I don’t really get how if you’re a Democrat running for president and you want to be a great one (as I imagine they all do), you get the notion that the way to do that is through bipartisanship. Setting aside Bill Clinton and Barack Obama for the moment, in the last 100 years you have exactly two periods of this, the last two years of Woodrow Wilson’s second term and the last two of Harry Truman’s first term. Both times it was really, really bad. Wilson fought Republicans so hard on the League of Nations that he had a stroke, though it’s pretty fair to blame much of that on Wilson himself. During the divided period under Truman Taft-freaking-Hartley passed over his veto. Both periods were pretty much the same in terms of Congressional Republicans blocking virtually all of the president’s domestic priorities, though in Truman’s case they did work with him on foreign policy. At any rate, it was pretty much “Hell no!” both times. Clinton was perhaps a little different in that he actually did get a lot of wins from negotiating with Republicans, but that was because he was willing to accept a number of right-wing ideas in order to make himself more popular. Theoretically this was supposed to trickle down to Democrats in general but it never really did. After all, they were one of the sides he was triangulating from.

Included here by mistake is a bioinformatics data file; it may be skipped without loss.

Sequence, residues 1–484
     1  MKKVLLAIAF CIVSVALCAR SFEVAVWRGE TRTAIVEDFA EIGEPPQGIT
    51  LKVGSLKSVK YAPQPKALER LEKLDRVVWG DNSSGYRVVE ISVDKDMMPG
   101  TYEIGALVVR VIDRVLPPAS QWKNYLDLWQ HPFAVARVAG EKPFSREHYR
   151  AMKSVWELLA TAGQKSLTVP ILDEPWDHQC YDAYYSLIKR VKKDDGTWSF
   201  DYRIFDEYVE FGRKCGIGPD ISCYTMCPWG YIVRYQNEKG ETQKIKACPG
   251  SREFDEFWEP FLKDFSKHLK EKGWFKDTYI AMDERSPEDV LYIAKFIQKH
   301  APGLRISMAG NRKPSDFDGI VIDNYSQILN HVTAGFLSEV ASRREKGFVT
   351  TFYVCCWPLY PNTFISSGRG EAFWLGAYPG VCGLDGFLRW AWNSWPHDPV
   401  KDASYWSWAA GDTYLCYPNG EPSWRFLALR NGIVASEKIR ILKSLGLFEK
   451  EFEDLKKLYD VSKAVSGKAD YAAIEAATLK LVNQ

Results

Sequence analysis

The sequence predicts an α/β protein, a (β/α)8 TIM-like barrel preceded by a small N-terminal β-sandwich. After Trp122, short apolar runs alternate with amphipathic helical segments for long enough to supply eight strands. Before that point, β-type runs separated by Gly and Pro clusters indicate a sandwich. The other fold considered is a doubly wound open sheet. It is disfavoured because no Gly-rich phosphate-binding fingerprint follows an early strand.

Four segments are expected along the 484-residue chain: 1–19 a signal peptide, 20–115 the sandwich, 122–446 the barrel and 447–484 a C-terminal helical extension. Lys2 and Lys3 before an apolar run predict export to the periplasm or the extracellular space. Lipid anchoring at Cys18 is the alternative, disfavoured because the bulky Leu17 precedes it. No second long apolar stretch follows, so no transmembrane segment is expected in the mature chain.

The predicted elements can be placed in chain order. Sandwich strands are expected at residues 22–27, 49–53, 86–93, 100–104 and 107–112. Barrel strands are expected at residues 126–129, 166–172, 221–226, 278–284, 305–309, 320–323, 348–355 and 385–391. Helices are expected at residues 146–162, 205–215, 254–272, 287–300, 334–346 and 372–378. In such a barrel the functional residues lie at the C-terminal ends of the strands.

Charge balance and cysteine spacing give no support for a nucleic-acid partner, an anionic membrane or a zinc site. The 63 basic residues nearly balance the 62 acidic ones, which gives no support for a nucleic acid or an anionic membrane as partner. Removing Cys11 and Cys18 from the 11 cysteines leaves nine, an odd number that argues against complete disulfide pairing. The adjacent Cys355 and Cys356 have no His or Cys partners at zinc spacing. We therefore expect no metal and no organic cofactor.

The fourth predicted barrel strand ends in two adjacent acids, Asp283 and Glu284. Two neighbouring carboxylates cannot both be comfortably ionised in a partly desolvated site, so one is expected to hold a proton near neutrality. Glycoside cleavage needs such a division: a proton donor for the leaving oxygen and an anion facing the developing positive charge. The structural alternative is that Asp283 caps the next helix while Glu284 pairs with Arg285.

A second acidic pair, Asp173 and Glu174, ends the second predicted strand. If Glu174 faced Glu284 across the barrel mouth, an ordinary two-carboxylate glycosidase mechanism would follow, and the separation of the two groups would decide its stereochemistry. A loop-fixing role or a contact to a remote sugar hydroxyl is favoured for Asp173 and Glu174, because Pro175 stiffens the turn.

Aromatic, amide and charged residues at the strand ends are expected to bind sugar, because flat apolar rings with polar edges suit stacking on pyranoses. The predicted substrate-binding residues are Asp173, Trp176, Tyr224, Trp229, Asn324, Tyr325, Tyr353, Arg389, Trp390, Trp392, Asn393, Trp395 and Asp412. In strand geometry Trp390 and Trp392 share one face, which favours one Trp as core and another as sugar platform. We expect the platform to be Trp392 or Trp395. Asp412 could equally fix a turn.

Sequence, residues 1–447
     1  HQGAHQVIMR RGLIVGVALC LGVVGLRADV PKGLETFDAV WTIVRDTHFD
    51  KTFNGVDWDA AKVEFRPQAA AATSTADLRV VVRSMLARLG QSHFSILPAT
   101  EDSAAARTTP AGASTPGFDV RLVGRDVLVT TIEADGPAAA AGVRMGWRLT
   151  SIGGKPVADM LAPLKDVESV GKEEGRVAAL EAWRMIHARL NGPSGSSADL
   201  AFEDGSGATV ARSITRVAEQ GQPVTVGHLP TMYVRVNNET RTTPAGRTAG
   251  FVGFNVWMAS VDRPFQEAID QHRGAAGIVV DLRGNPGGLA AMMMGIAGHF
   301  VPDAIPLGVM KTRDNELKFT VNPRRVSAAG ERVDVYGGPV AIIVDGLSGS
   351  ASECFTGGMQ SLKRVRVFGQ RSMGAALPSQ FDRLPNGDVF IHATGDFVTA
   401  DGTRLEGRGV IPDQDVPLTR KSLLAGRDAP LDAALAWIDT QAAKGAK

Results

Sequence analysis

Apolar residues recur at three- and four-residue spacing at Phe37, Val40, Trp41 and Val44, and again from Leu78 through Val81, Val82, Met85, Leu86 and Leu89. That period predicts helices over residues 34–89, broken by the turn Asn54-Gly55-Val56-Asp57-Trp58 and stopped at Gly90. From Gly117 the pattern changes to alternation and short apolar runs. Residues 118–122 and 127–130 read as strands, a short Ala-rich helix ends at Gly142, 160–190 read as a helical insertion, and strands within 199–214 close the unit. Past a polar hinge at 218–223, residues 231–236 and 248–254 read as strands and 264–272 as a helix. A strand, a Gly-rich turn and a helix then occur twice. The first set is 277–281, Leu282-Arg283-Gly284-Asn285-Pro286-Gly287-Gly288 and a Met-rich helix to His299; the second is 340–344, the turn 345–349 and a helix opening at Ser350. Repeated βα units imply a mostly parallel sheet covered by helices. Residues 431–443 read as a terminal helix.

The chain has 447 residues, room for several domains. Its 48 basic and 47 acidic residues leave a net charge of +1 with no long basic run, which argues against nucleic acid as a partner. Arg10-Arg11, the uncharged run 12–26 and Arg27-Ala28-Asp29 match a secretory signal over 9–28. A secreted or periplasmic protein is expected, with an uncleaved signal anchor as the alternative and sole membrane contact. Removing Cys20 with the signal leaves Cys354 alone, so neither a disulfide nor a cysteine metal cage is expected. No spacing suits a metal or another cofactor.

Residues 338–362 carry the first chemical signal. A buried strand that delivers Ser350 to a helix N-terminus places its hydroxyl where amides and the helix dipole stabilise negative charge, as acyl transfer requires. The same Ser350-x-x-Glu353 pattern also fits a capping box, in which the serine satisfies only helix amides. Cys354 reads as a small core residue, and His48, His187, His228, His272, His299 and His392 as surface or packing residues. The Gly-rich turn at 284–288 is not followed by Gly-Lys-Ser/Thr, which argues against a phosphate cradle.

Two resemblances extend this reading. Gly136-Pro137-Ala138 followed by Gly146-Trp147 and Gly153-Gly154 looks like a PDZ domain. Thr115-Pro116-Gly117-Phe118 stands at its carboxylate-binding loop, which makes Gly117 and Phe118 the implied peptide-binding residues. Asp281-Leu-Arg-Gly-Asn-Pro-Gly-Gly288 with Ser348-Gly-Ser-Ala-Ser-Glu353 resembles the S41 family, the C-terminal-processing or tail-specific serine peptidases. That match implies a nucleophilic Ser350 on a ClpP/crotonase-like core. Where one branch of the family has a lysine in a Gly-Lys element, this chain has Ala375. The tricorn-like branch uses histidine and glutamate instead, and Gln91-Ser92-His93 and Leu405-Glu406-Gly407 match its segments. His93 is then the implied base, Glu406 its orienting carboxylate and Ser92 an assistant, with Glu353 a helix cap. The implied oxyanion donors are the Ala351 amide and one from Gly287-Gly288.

Look, I’m not here to make the case that Bill Clinton was a horrible president whose true horribleness only became obvious years after he left office because we’ve done that many times before. Why I am here is to make a simple point, which is that there really is zero precedent for a Democratic president to convince a Republican Congress to substantially adopt a center-left program. Just none. Democrats have historically been willing to deal with Republican presidents to advance a center-right program but that’s irrelevant to the discussion.

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  1. vjack says:

    When it comes to effective political opposition, the Republican Party seems far better than the Democratic Party. When it comes to actually governing, the opposite would appear to be true. But yes, I have yet to see a Republican Congress go along with a Democratic president in the way you describe.

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